To successfully resolve the safety and security needs of residential communities, TSE adapted a technique of community and personality based protective initiatives. This one-of-a-kind approach constructs partnerships and trust between TSE officers, residents, and also stakeholders; as a way to eradicate and stop crime. Our approach adheres to 3 stages which are personalized for your specific needs. From cleaning up high crime atmospheres, to hosting unifying community events, the innovative approaches used by TSE make residents feel safe, and in control of their communities.
Residents in TSE community service areas take pride in their community and settings as well as taking care in the maintaining of the residential property. TSE officers also serve as positive function models for children, as well as aid in reinforcing community values.
Step One: Reclamation. During this first stage, specially-trained TSE officers use a technique termed balanced and targeted focused patrolling to eradicate the noticeable criminal elements and re-establish control of the area. The intensity during this step differs depending on the state of the community. Officers utilize a variety of tools and techniques in this step, which may include the use of arial drones, night vision and FLIR infrared technology, personal identity verification, vehicle verification, mobile command on site, complete nighttime illumination, and more. Again, the severity of the circumstances will dictate the approach and intensity.
Step Two: Networking. Once all troublesome non-residents as well as criminals have been cleared out from the area, the second stage begins. Step two, called the networking stage, moves emphasis to the eviction of problem residents and networking with the children within the intervention location; this is typically described as preventative interaction.
Throughout the adaptation of our technique, we swiftly realized that the weakest link in a community are the youngsters; and that they are also the strongest connection to the community. Kids stand for the “path of least resistance” with the least false impressions about attire, race, finances, and have the least amount of negative feelings about the police or figures of authority. Put simply, the youngsters are one of the most accessible and understanding in the atmosphere and therefore, consequently, the starting factor for establishing partnerships and positive relations with the community. Step two is applied with the focus on cultivating connections with the children of the targeted area.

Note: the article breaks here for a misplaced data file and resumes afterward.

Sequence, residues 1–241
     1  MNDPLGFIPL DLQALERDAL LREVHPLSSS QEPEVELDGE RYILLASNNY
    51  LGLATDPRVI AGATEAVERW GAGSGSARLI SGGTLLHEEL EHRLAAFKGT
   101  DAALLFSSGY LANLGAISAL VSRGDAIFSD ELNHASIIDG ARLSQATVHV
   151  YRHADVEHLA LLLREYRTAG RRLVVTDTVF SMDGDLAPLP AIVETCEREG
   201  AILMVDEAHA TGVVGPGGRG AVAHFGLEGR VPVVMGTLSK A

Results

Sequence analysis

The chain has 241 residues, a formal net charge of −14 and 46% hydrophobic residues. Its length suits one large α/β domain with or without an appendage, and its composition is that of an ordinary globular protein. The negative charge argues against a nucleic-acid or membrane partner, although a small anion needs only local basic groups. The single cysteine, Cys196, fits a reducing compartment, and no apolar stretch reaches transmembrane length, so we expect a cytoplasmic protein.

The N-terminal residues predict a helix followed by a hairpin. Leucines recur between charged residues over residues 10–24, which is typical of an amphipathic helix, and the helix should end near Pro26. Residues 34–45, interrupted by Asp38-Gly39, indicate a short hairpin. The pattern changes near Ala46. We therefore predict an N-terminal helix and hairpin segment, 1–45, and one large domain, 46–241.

Step Three: Anchoring. The Networking phase helps bring about the 3rd phase, “Anchoring.” This stage is an organic development of connection advancement from the Network Phase. Through the children, officers’ be familiar with siblings, friends, mothers, fathers, and various other family members. At this point, TSE officers are routed to network the residents (especially the parents), through the children. What happens in the connection characteristics between the officer and the community, when officers network kids, is an all-natural procedure. Moms and dads begin to listen also, connect with officers. Many of who were reluctant or avoidant begin checking out officers through the eyes of their child – who has been positively connecting with officers. Officers seek to solidify connections with the families of the community. As bonds establish between TSE officers and residents, one will see drastic changes emerge in the community’s perspective of ‘law enforcement’. Once relationships mature between the officers, children and patents; real communication begins to take place. Officers construct partnerships to the point where youngsters and moms and dads begin reporting criminal activity that they note. Residents begin sharing information and intel with officers. This trust and information flow to officers is what has a continuing and lasting affects on the prevention of criminal actions.